"Well, something quite evident is that since the beginning of the new millennium Blues Rock bands have lost an important place in the media and new styles gained ground, perhaps the lack of more opportunities for the Blues Rock genre that existed before would be something that I miss. Also, another thing would be the musical quality at the moment of creating new songs, which in the past was more authentic, with deeper lyrics, and without much help from technology." (Photo: Saverio Maccne)

Which meetings have been the most important experiences for you? What was the best advice anyone ever gave you?

I remember it as a great time when I was playing Jazz & Blues together with the famous Argentinian drummer Javier Martinez (Manal) who was a pioneer in Argentina playing the Blues in the Spanish language at the end of the '60s. I guess one of the best advices was to find the right moment to create silence in the improvisation or guitar solo (Which is always so complicated to achieve when you're on fire playing)

Are there any memories from gigs, jams, open acts and studio sessions which you’d like to share with us?

I really like it when what happens on stage and what happens in the audience combine creating an intense and vibrant atmosphere. In my busker days when we were playing in the middle of a popular square (plaza) in Buenos Aires, surrounded by bars and their outside tables, many times the people stood up from their tables to approach us and form a circle around the band. The energy from that exchange was an amazing feeling which will always stay in my heart and memories.

What is the impact of Rock/Blues on the socio-cultural implications? How do you want the music to affect people?

I believe that for people who love Blues Rock, life has a more pleasant and real flavor. Since this particular genre is created by analog instruments like guitars, drums, harmonicas, keyboards, etc, therefore it remains something real and authentic.

I always want people to have a beautiful moment during and after my show so that they can leave the daily routine for a moment to feed on music and really enjoy themselves.

"Well, as you know I'm playing Blues Rock these days and I think my sound could be described as raw, intense, and electric. In the past, I have played different styles (Jazz, Bossa Nova, Funk, etc) all of which I suppose have influenced my style. I never thought to have a certain philosophy about music as everything to me is a free flow, nevertheless, I do appreciate a lot of creative improvisation (in any instrument) I admire artists who can build melodies in their own moment of improvisation. That is one of the qualities I most love about Jazz.(Photo: Saverio Maccne / Photo by Jonna Niinikangas)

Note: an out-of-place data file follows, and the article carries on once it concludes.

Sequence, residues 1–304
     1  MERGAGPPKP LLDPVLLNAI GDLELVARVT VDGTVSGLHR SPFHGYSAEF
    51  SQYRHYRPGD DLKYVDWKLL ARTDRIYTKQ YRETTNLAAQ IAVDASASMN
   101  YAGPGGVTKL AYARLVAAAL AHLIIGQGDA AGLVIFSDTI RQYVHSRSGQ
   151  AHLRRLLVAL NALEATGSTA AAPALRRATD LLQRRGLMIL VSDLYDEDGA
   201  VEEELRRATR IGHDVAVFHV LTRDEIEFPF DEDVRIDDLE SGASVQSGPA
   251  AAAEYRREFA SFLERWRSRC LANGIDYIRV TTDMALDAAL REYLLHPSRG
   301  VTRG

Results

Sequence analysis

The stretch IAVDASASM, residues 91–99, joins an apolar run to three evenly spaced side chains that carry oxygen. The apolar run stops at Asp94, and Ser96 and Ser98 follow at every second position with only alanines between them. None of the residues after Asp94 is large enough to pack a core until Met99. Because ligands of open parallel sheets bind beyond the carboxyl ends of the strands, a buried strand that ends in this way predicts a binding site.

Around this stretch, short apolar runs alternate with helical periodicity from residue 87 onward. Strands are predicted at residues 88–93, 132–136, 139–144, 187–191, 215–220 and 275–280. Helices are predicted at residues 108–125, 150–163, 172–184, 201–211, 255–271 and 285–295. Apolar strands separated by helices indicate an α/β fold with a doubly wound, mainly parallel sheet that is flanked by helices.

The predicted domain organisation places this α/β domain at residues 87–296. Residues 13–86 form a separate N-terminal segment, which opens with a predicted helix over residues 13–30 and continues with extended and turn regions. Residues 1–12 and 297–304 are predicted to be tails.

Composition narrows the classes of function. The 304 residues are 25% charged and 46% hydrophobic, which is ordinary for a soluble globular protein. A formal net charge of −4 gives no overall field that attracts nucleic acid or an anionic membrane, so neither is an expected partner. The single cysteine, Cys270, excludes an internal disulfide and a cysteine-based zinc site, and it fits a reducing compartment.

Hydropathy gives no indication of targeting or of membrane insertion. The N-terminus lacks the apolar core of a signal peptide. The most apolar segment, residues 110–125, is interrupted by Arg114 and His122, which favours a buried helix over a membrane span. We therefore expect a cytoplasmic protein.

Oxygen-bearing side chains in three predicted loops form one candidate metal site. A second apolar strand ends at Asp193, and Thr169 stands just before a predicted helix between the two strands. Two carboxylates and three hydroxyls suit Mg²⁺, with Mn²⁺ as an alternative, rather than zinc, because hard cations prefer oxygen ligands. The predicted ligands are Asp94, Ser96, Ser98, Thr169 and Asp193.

What do you miss most nowadays from the music of the past? What are your hopes and fears for the future of?

Well, something quite evident is that since the beginning of the new millennium Blues Rock bands have lost an important place in the media and new styles gained ground, perhaps the lack of more opportunities for the Blues Rock genre that existed before would be something that I miss. Also, another thing would be the musical quality at the moment of creating new songs, which in the past was more authentic, with deeper lyrics, and without much help from technology.

I hope that there will always be electric guitars and young people who want to make them sound good. No fears at all. It´s art.

What would you say characterizes Argentinian rock/blues scene in comparison to European/US scenes?

I see that in Europe there are many more opportunities to show your own music. The variety of Blues festivals in different countries increases the chances of reaching more people. Argentina is a very rich country in many ways. However, in recent decades there has been an economic and socio-cultural breakdown that still affects today the proliferation of new opportunities for very talented musicians who live there.

On the other hand, the Argentinian Blues scene being limited and considerable small obligates the musicians there to develop their own particular identity that will stand out. It is also worth saying that Blues musicians in Argentina are characterized by creating songs mostly in Castilian/Spanish lyrics, which makes the scene special.

"So, everything in my life is involved with music, which to me represents a kind of bohemian, anarchistic freedom to live life in your own way. I simply can't imagine life without music or any kind of art in general. I feel that the Blues is what made me wanna express myself with passion on the guitar, and Rock is the powerful source of energy that pushes me forward and gives me the strength to keep on building and creating new music and life."

(Photo: Saverio Maccne)

What are some of the most important lessons you have learned from your experience in the music paths?

One of the things I've learned over time is to give my best in each show and that each performance is worth equally the same whether it's with thousands of people or one as an audience.

And one more very important thing is that I always keep in mind that I chose in this life to be a musician, which is my passion and way of life on top of being my job so when things sometimes get difficult, I have to remember how lucky I am to have the chance to express my feelings through my guitar, through my music.